With summer wrapping up (say it ain’t so!), it’s time to put more focus on school and career and less on achieving a great tan. During the summer, we sometimes tend to let things slide a little bit in the grooming and dress department. Beach hair, swimsuits and flip flops rule. Yet getting back to a smarter regimen isn’t always a bad thing, and is actually something we look forward to. One of the most obvious grooming areas is your hair. We want to look on point for those first days back in class or on the job.
We spoke to Brian Porteous of Portland, Oregon’s Heritage Barber Shop for some expert men’s hair styling tips.
Brian’s main mantra is to “Go with whatever is natural and what your hair wants to do.” As he explains, “Most cuts are getting away from the really coiffed, really styled and really heavy product look.” Here are some additional suggestions:
- If you want to do a floating part, you can throw your hands through your hair, find the part, add some product and you are good to go. A wash and wear sort of cut.
- It’s always beneficial to use a little product. If you’re new to hair products, you might start with a water-based putty or light cream that has a slight hold, yet is easy to work with.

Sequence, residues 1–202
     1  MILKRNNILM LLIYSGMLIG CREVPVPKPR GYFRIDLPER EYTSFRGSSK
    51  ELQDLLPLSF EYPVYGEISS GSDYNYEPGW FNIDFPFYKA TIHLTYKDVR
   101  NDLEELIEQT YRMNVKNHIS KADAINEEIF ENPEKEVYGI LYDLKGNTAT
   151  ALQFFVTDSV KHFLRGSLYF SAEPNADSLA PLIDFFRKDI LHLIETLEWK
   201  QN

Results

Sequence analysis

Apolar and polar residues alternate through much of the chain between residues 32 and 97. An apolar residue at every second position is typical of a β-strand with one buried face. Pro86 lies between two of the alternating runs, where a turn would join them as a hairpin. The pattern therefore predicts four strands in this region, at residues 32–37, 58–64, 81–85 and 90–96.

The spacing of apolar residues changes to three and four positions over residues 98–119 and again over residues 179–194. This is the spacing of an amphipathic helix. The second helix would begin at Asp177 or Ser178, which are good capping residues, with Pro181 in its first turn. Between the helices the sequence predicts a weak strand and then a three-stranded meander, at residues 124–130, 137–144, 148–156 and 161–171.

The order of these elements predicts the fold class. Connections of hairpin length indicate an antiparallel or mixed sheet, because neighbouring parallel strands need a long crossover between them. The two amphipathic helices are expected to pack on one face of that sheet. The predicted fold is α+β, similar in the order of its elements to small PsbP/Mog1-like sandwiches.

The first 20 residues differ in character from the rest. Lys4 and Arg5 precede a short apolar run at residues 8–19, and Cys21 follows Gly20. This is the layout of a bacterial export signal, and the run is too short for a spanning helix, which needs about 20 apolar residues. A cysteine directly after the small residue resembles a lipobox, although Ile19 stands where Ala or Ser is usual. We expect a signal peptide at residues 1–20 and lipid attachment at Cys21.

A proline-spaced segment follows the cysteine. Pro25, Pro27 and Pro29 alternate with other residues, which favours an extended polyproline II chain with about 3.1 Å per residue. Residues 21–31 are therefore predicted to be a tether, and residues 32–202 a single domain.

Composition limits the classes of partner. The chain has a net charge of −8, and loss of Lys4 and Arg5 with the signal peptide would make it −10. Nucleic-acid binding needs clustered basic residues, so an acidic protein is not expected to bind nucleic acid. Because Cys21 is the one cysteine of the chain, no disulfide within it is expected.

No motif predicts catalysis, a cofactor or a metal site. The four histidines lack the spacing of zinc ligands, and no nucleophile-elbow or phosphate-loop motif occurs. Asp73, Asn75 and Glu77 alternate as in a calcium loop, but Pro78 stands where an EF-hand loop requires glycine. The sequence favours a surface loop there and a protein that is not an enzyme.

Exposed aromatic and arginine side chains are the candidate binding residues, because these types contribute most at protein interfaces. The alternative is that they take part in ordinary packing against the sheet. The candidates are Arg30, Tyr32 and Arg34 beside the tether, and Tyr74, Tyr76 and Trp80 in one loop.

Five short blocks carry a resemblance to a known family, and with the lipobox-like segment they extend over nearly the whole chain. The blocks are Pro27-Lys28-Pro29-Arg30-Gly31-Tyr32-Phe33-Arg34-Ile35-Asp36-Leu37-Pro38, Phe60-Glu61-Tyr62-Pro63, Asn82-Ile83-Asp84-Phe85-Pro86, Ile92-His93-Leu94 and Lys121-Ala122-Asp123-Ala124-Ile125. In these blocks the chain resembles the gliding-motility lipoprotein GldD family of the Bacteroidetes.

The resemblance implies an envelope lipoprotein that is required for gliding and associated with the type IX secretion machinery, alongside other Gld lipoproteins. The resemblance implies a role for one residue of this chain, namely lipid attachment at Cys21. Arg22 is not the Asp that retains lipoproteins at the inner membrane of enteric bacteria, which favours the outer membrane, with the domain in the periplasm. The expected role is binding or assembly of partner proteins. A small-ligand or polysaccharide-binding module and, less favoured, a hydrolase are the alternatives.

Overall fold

- You don’t want to go too short or add a lot of product to thin hair. Leave it longer on the sides and top and add just a little product.
Brian also answered some questions from our readers:
How soon before a big event should I get my haircut?
Come in a month to a month and a half before. Figure out the haircut you like and get it done. Four days before the event get a touch up and the day before, just get a trim around the ears and neck. You don’t want to look like you just walked out of the barber shop on the big day.
How do I quickly refresh my hair?
Get a towel as hot as you can with hot water and put it on your head and leave it for 10-15 seconds. You can press it against your head too and it really acts like a shower opening up your pores and relaxing your hair.
This article and video was brought to you by Old Spice